Real estate, alternative real assets and other diversions

Goldman Sachs’s $1.6 – 2.3 trillion valuation range for the Saudi Aramco IPO is insane!

The Macro View

I literally laughed when I heard that Goldman Sachs put a valuation range of $1.6 to $2.3 trillion on the Saudi Aramco IPO. One, a valuation range of $700 million only means the Goldie analyst bankers (deal promoters?) are clueless about what Saudi Aramco is really worth. Two, I cannot fathom how the financial markets will assign a valuation of 17 to 23 times earnings to a Saudi oil and gas producer whose sovereign owner has a 95% stake, total management control and whose chairman is the former head of the Saudi sovereign wealth fund PIF. Three, Saudi Aramco has to pay royalties to the Saudi government that can be as high as 80% of earnings if Brent rises to $100 a barrel. This means private investors can only expect yield, not real earnings growth, making this IPO a de facto preferred stock and thus Goldman’s valuation multiple range idiotic.

You do not exactly have to be Albert Einstein, Warren Buffett and George Soros to concluded that investors will not buy a state owned oil supermajor at 17 – 23 times earnings when BP, say, is trading at 10 times earnings, a 6.8% dividend yield, has amazing earnings growth due to its asset sale/restructuring program and no state ownership, though I concede it began life as His Majesty’s UK Treasury owned Anglo Persian Oil Company a hundred years ago. This only proves that Wall Street investment bankers are bringing their inflated, rigged, self-serving, churn and burn games to the Gulf. There are solid reasons why Goldman was banned in Abu Dhabi and has to pay $7 billion to Malaysia after its Southeast Asia partner/bankster was indicted in New York for fraud and money laundering in the looting of the 1MDB sovereign wealth fund. Sad. Sad but true. This is an insult to the intelligence of every investor in the Gulf. Get real, Goldman. I was born at night, only not last night!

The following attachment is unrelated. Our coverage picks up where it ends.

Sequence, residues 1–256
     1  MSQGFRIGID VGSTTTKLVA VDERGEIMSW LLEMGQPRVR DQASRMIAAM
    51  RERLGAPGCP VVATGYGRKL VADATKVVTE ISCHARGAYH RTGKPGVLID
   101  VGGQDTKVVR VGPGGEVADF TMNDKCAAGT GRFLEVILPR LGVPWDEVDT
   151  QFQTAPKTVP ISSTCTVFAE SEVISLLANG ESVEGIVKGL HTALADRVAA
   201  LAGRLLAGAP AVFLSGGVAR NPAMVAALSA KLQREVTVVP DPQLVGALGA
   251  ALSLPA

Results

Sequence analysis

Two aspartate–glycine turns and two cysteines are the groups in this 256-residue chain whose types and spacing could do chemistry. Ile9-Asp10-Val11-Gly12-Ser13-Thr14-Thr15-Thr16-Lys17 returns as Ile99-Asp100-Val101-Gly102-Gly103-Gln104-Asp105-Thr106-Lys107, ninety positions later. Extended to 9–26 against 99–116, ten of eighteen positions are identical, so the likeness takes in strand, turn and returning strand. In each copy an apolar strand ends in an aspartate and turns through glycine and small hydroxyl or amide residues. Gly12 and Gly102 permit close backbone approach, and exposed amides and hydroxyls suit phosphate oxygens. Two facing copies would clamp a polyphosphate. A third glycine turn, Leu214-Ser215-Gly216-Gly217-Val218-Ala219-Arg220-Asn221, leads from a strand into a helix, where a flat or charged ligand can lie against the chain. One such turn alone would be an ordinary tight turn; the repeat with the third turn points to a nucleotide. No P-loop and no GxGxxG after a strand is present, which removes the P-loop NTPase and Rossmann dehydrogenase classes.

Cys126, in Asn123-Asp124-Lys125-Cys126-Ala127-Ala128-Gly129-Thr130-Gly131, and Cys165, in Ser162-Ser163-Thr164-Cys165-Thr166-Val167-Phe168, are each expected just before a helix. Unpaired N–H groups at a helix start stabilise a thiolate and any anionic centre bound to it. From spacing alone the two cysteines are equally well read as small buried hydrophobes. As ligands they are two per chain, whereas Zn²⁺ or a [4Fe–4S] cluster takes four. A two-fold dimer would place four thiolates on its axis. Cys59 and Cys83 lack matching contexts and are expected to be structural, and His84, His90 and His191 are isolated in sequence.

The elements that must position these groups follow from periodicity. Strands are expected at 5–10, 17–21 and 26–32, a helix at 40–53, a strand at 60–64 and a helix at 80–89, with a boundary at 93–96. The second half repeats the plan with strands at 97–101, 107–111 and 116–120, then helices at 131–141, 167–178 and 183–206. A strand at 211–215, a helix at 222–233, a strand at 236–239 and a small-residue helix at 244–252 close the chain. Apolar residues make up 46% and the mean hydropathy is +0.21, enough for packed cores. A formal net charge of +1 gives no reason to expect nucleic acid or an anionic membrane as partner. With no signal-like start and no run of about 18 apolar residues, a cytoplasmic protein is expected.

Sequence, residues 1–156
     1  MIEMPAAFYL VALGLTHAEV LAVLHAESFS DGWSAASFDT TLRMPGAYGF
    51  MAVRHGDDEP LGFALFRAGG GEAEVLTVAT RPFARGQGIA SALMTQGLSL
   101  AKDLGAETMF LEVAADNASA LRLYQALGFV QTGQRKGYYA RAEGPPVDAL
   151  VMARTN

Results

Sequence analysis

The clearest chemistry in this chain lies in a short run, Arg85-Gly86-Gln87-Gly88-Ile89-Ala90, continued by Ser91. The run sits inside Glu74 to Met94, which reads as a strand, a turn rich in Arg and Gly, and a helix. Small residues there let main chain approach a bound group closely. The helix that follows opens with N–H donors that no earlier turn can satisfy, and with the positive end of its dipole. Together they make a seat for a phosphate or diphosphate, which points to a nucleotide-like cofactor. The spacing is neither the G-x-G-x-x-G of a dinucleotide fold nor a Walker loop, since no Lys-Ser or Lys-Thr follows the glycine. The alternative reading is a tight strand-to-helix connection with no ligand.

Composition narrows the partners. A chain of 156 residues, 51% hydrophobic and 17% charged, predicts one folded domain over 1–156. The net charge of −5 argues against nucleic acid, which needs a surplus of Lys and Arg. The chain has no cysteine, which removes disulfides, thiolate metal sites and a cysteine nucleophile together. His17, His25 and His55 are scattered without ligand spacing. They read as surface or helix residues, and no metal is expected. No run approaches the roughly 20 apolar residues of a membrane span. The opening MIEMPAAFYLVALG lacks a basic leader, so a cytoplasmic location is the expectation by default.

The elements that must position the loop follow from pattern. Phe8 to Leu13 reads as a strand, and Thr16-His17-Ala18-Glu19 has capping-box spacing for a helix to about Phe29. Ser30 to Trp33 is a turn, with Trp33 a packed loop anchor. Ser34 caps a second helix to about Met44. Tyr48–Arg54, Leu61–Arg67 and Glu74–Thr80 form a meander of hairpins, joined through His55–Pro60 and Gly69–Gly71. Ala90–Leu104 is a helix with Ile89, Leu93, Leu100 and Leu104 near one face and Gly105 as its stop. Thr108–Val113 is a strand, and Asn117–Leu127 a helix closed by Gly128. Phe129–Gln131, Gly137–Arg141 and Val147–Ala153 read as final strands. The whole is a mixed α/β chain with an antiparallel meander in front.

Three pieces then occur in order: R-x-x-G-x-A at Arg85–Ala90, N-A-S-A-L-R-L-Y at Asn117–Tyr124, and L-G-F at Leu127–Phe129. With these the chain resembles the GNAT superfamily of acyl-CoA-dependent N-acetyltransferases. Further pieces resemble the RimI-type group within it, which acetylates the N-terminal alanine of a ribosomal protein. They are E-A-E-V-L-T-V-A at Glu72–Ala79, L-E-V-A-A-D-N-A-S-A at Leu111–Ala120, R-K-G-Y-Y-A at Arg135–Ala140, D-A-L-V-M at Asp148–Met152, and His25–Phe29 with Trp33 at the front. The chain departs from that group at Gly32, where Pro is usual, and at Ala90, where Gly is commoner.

Bank of America Merrill Lynch has set a much more credible range of $1.2 to $1.3 trillion, not very different from my own $1 – $1.1 trillion or recommendation to buy the deal at a 7.4% dividend yield. I believe some investment banks use loony tunes inflated valuations to win mandates, not protect the interest of investors. After all, the Saudi government wanted a $2 trillion IPO even if it is obvious that the world’s fund managers would never buy the IPO at $2 trillion or at a 3.7% dividend yield.

So Goldman Sachs tells the world that Aramco’s “fair value” is $2.3 trillion. Sure, I know this game is ultimately spreadsheet macro juggling to pocket the mother of all banking fees from the kingdom but these games can cause billions of dollars in losses for retail investors. But then who really cares about the little guy at Death Star in Manhattan? But I do, since I have a conscience and not a billion dollar partner’s bonus pool. Human beings are humans first and investors second even if we happen to live in the Gulf and not Manhattan, though I was once an East Village boy who plied my wares on Wall Street.